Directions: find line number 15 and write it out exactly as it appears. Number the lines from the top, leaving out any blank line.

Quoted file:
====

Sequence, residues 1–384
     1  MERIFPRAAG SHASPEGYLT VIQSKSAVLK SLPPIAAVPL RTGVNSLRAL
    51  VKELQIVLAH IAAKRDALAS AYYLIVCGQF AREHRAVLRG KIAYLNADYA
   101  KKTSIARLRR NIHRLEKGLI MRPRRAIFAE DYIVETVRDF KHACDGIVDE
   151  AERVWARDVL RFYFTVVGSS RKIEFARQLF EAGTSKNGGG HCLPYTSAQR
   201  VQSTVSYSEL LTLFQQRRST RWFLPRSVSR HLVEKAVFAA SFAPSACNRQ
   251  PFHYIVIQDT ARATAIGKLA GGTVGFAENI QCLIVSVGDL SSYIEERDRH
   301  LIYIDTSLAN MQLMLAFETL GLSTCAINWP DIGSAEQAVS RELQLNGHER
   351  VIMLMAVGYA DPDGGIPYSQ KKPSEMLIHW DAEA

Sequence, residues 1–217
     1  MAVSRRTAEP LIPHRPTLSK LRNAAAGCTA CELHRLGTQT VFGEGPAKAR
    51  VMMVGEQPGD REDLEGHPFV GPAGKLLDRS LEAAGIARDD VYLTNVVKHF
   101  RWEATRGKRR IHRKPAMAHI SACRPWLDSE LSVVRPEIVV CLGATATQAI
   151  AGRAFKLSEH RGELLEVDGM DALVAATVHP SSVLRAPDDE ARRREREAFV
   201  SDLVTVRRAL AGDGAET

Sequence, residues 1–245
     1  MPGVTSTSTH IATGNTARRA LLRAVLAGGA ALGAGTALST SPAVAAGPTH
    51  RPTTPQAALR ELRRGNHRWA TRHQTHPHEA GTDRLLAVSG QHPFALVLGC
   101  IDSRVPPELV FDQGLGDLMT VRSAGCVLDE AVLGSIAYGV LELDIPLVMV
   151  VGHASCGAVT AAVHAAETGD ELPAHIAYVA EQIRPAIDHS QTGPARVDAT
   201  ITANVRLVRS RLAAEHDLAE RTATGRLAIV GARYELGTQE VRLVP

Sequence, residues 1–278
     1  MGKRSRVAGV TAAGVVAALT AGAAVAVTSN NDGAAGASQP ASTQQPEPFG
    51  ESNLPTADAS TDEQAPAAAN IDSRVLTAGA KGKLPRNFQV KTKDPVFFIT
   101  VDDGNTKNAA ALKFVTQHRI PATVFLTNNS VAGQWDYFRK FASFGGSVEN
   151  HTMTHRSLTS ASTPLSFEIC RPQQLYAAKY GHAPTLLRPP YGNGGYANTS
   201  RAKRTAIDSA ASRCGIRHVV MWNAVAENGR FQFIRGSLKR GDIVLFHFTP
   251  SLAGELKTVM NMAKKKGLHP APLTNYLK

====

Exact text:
   201  SDLVTVRRAL AGDGAET